How the Internet Is Privacy and Profit Positive

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Imagine for a moment, that catalog marketing were a new medium for the direct marketer. Could this new medium become a full-fledged industry if there were strict privacy controls over the renting and selling of personal information? The simple answer is no. If there were no selling or renting ofpersonal information, there would be no list brokerage business as we know it. Without it, the only way to acquire new customers would be through printadvertising, which is expensive compared to list rental. Though some of that cost is likely to be passed on to the customer, it would most likely make catalog marketing, for example, too expensive. Thus the catalog industry would have a difficult time growing, if at all, based purely on return on investment.


Now it's the Internet's turn. The Internet community is more


knowledgeable about the acquisition and use of personal information.


As direct marketers flock there, they will be running straight


into a higher and stronger privacy wall than any


developing industry has seen before.With the Internet becoming more


prominent, can the direct marketer approach it in the same way


as he approaches other mature mediums, such as catalog marketing?


I propose that direct marketers can actually grow their businesses on the Internet and utilize privacy as an economic benefit. By privacy I simply mean informing a customer about what will happen with their personal information.


How can a direct marketer attain economic benefit in this situation? On the Internet, direct marketers have three ways to develop customer acquisition that are as effective or more so than e-mail rental and list rental:


1.banner advertising


2. partnerships with organizations that drive traffic to the site


3. transitioning your house file from a paper customer to an


electronic customer (this last point can be argued whether it is new


customer acquisition or not).


Banner advertising is the most expensive of the three acquisition methods. Implemented efficiently, such as utilizing key word searches on the search engines or leveraging at partner sites, it is an effective medium for new customer acquisition.


Partnerships with organizations that drive traffic to your site is the


most underutilized and least understood opportunity for new customer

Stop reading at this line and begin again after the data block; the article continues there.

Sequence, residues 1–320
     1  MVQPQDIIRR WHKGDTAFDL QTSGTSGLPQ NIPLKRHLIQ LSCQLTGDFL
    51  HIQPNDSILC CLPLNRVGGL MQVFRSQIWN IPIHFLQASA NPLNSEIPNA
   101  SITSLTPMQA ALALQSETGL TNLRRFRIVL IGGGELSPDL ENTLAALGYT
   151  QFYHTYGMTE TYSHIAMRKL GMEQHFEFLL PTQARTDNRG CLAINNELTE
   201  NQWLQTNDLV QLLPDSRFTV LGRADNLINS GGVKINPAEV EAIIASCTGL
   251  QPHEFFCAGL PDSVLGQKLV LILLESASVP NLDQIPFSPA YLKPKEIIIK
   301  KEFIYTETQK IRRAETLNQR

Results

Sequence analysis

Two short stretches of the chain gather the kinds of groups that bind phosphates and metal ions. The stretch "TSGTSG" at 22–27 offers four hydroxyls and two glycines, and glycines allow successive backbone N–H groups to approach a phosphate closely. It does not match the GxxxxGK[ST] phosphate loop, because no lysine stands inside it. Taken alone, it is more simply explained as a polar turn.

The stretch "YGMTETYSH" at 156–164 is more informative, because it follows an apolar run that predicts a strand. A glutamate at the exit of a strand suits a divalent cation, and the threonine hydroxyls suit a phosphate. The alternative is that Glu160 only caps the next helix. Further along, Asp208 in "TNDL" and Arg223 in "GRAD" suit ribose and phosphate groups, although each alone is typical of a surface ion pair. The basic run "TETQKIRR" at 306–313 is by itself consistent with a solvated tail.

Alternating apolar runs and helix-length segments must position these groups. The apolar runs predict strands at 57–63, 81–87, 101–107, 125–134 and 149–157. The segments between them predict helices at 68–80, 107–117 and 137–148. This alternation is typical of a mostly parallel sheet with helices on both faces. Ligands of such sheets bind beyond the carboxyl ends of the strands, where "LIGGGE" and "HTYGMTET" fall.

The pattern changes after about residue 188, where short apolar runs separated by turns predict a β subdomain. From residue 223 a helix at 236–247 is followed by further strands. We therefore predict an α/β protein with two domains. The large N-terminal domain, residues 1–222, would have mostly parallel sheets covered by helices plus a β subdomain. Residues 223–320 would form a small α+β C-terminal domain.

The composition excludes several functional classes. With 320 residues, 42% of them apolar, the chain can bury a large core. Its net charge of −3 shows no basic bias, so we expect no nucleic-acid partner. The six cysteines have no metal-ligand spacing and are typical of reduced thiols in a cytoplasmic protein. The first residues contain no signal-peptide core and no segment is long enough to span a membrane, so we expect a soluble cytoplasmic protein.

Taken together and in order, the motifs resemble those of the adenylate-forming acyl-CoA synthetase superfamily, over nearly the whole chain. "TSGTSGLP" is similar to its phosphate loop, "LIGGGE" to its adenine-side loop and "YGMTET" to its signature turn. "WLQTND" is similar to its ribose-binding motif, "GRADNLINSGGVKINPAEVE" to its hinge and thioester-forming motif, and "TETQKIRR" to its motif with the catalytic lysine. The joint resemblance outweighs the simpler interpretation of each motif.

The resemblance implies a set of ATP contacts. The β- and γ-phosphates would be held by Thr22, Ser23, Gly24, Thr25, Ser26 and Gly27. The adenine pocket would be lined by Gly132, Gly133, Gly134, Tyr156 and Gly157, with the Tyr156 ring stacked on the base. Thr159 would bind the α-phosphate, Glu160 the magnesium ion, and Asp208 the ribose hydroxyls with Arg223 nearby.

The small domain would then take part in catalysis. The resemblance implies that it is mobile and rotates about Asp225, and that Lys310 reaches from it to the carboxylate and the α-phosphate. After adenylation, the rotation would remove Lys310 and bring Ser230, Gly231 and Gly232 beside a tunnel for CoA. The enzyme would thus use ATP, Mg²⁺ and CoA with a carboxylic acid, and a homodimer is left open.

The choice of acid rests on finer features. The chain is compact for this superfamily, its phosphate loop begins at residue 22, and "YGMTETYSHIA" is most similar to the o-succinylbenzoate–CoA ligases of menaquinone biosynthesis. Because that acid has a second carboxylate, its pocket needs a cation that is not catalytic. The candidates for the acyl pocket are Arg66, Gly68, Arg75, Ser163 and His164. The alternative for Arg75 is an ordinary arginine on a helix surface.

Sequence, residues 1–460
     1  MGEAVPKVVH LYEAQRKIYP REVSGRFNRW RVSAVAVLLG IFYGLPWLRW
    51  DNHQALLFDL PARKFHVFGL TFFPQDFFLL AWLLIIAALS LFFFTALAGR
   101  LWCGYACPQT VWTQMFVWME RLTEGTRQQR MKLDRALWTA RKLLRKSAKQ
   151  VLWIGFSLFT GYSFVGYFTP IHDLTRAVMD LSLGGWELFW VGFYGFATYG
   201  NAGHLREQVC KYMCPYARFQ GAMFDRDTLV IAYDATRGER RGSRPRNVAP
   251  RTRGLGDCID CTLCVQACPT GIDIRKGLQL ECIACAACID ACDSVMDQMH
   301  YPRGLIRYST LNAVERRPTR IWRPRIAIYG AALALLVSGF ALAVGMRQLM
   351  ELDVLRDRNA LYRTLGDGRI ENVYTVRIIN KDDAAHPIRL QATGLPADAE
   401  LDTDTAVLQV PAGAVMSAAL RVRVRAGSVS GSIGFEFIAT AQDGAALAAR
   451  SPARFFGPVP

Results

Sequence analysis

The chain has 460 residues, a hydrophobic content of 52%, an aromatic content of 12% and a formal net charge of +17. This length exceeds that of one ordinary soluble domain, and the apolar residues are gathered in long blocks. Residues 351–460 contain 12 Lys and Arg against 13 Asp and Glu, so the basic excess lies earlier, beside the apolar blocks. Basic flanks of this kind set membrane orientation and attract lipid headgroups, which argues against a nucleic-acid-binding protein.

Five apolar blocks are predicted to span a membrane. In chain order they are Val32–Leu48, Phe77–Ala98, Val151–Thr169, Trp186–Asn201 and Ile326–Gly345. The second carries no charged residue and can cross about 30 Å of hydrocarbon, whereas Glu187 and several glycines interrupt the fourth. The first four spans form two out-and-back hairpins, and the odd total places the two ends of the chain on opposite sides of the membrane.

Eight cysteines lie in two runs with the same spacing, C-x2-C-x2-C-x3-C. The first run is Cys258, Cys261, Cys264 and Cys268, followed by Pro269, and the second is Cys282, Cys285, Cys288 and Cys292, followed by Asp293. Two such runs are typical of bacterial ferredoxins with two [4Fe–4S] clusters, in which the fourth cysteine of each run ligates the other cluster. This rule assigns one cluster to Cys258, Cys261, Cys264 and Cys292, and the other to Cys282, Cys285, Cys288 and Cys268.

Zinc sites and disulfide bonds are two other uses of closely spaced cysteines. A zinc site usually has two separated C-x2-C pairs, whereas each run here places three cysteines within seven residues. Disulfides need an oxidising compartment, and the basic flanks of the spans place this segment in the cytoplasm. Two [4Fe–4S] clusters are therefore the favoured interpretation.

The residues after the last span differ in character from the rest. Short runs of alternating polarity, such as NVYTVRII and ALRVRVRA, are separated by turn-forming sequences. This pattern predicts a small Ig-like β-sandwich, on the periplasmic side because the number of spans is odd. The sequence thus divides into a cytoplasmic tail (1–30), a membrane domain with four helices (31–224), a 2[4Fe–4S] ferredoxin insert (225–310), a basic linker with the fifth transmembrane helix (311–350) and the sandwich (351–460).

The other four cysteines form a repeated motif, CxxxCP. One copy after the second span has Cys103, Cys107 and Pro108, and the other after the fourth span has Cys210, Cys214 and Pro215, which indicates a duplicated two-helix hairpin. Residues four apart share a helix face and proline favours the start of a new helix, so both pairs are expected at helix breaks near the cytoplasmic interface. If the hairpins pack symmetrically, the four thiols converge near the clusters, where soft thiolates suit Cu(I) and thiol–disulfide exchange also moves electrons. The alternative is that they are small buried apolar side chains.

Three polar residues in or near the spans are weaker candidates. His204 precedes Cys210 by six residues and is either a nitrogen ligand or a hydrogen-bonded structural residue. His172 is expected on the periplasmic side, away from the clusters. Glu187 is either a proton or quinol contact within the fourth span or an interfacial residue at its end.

acquisition on the Internet. There are many organizations that drive a


substantial amount of traffic that can be leveraged to drive traffic to


your site. For example, LL Bean could enter into a strategic relationship with Ford Motor Corp. to be the official outfitter for Ford. No money would change hands. Instead, the other company's graphic would be placed on the home page. This is more effective than banner advertising because both organizations build their brands together, have a value proposition for the customer, and drive new


customers to each others sites. Most important, little or no money changes hands.


The third way to acquire customers is to leverage your own


installed base. A percentage of customers will be on the Internet.


The reason I consider this new customer acquisition is that you may have


this customer on your house file for paper-based mailings, but she does


business on the Internet with another organization. This can be viewed as


new customer acquisition for your Web site or customer retention for your


business.


So yes, there is an economic benefit to direct marketers and the direct


marketing industry in a privacy-controlled Internet. This is solely


because there are effective means for new customer acquisition on the


Internet that protect the customers personal information and still


maintains ROI.


What will this do to list brokers as the Internet allows increased


privacy constraints? It will leave them behind unless they reposition themselves to take advantage of the economic advantage of electronic customer acquisition.
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